The nation has fooled itself all the time

Dear Editor,

I refer to SN’s editorial titled, ‘Dialogue and the Trini experience’ (July 24) on crime consultation and management there, and then the reports of the Lusignan embarrassment here.  Amidst the spiralling, but reasonable grounds for apprehension, there is still place for the embarrassing, and to acknowledge publicly for the umpteenth time that which cripples.

The Trinis have their sharp polarizations; somehow their leaders rise beyond them, on occasion.  Somehow they lift themselves up above the petty and the self-defeating.  Locally, every circumstance, be it jailbreak, or sugar, or oil, or every other serious issue is exacerbated into a grave crisis for cheap political positioning and scoring.  It is as if these situations are waited for to pounce and to sabotage one more time; it cannot be resisted, it cannot be looked at otherwise, but as a moment to insert and twist the dagger.  There is no give, thus there is no take.

Every issue of national import is regarded as an opportunity to be stoked and accelerated by political one-upmanship to the precipice of social brinkmanship.  By any measurement, both one-upmanship and brinksmanship have failed this country and failed it devastatingly time and time again.  Those abject failures in key areas and crucial times must be fairly and squarely laid at the feet of leaders, bar none.  Some have been more harrowing than others; the harrowing include the revered, the beloved, and the iconic.  This is neither oracular nor sagacity; it is mere commonsense and the irrefutable logic of a ramshackle history and a worse reality.

And yet sensible citizens cannot bring themselves to either face or admit the truth, or confront the internal venoms that contribute so significantly to personal blindness and environmental radioactivity.  Having said this much, where does this leave Guyana and Guyanese?  At least those possessing a conscience and who still really care?

Editor, from the tone and sweep of my continuing articulations, it should be clear that, other than for a few paltry exceptions, I harbour a deep psychic (near pathological) dislike for the ugliness and barbarisms that characterize representation and leadership here.  Without any bow to exaggeration, there is recognition that the criminal-minded and the felonious per se form a not insignificant strain in the cadre of the political apparatus in this country.  And whoever they may be, and wherever they are embedded, they dominate, and there is the ferocious determination to prevail.  They will not be deterred; they are not going anywhere.  In fact, they have nowhere to go, and know of nothing else to practise and perpetuate, other than the divisive and diseased.  It is not working, other than towards the continuing decimation of the residual pillars of principle and interest.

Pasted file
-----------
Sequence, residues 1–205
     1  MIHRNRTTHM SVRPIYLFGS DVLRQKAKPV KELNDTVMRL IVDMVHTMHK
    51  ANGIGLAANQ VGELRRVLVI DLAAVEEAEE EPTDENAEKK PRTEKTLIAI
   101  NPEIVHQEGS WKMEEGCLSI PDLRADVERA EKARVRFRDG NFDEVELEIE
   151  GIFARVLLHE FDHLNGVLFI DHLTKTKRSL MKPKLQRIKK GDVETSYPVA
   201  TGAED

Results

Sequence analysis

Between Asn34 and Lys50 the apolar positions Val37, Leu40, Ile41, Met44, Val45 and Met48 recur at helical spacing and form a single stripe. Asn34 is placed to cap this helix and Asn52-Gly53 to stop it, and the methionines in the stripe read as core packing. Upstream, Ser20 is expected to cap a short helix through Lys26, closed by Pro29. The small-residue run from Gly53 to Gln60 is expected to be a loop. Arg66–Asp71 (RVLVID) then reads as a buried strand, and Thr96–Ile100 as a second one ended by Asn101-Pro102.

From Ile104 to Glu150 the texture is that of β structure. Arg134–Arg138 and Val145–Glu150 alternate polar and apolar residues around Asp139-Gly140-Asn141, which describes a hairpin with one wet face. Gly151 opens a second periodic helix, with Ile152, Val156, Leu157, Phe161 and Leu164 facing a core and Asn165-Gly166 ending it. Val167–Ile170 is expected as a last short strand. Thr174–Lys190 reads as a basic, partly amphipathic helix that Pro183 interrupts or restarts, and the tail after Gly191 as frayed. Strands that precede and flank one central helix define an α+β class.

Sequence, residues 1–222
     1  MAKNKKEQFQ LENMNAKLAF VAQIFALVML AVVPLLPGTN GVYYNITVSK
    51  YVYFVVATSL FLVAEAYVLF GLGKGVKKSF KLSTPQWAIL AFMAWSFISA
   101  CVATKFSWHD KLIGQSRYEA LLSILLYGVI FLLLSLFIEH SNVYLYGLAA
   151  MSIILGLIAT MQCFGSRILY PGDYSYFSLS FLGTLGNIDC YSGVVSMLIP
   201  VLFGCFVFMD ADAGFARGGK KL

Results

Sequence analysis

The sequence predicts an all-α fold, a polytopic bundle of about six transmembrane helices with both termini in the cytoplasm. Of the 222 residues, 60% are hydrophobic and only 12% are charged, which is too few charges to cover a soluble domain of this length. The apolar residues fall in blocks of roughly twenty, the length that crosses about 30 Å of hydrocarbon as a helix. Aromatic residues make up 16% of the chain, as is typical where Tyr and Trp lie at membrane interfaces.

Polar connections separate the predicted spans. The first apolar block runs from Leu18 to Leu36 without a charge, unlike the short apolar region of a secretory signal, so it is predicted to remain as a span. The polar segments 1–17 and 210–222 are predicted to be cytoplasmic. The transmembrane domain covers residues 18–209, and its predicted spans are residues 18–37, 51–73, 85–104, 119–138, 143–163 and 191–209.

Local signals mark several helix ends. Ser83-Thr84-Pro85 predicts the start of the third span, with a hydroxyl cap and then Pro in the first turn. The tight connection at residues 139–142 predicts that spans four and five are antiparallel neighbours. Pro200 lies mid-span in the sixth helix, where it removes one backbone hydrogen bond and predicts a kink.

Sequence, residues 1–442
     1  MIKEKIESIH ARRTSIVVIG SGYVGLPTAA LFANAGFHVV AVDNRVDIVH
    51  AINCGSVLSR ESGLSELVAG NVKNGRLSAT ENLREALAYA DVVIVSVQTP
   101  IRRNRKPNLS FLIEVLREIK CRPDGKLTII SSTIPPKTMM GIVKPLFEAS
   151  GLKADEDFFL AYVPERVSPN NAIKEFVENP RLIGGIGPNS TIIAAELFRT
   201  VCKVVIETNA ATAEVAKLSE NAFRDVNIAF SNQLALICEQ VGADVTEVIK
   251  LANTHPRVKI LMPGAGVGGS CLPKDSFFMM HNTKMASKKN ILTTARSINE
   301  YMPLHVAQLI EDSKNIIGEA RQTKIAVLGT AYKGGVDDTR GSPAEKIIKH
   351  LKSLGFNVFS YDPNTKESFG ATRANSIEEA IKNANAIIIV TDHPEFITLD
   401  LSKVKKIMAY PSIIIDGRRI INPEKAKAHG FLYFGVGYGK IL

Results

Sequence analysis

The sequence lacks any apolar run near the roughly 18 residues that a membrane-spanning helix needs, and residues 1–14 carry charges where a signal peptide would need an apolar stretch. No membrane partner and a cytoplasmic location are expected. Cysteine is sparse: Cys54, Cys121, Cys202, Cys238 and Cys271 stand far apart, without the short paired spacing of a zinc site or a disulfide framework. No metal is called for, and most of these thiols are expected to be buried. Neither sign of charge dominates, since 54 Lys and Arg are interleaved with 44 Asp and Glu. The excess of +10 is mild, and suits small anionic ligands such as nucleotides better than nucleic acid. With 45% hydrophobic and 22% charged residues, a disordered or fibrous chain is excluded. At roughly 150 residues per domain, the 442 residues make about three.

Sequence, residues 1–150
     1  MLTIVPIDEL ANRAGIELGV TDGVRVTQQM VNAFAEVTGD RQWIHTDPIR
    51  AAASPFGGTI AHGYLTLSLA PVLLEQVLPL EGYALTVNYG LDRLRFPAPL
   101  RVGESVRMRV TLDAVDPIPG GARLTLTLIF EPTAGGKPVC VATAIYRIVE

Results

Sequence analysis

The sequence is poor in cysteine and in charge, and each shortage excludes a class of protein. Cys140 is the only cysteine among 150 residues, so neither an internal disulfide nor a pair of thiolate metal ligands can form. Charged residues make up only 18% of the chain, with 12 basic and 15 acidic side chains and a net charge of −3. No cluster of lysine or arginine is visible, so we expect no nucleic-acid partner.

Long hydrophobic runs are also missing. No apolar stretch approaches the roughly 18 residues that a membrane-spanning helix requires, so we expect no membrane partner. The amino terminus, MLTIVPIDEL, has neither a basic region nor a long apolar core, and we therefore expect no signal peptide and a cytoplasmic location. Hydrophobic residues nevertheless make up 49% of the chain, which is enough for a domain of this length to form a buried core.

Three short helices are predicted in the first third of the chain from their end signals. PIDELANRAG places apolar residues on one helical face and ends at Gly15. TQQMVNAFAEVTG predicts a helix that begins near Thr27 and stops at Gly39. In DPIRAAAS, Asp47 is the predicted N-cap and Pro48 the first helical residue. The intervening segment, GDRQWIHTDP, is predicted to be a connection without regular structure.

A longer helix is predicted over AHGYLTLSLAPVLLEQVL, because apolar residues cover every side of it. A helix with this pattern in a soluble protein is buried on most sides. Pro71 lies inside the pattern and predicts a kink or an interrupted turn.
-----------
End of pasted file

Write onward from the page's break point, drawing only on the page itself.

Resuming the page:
Now the question posed still remains: where is there to go, given such immovable truths?  It is that the genuinely centrist, the truly caring, the doggedly visionary, and the unapologetically patriotic must compel themselves to rise above qualms and limitations; above circumstances and traditions, and above the emotional shackles and take a stand.  They must stand for something different inside parties, and the still engaged citizens must epitomize something constructive beyond safe words and civilized disgust in public.  They must overcome tribal leaders and cult leaders.  This is not expected of either diehards, or tribalists, or the less than literate.  It is the obligation of the thinking and the concerned; none could be that far gone that they are unconcerned.

In reality, there is only one of two ways out of the domestic quagmire.  First, it is for leaders and groups to change their ways.  Well, that is not happening soon enough.  The other, and it is remote, is for the thoughtful and moderate to challenge themselves, to be prepared to sacrifice, to denounce self-serving group priorities for the higher surge and greater good.  Is there that kind of Guyanese around?  I struggle to keep an open mind through heavy doubts.

Here is another undeniable reality: no one party can solve crime in this country; none possesses an entirety of wisdom on sugar; and, despite all the talk from all over, no Guyanese group, as yet, has a lock on predicting accurately how sweet the crude will prove to be for this expectant suspicious nation.  They can warn and implore and demand ad infinitum.  But at this time, they can do no more; know no more; represent no more.  In some respects, so many are thinking alike, that no one is thinking at all on the starry-eyed vision sometimes already cemented.

In the above areas, and so many more, it is the same eternal way, the identical timeless lamentation: nothing can be accomplished by one; nothing will be allowed to be achieved by one; and nothing with any materiality can progress beyond a certain pedestrian stage, when acting alone.  All the ambushes, critiques, and gloating, will lead, as they always do, to nowhere but the present deplorable self-destructive state.

This nation has fooled itself all the time; it continues to allow itself to be the butt of foolishness.  Unless it hurries forward to reverse course, then this society will forever be identified in the cartography of nations as a fool’s paradise.  At bottom, perhaps it really is.

Yours faithfully,

GHK Lall

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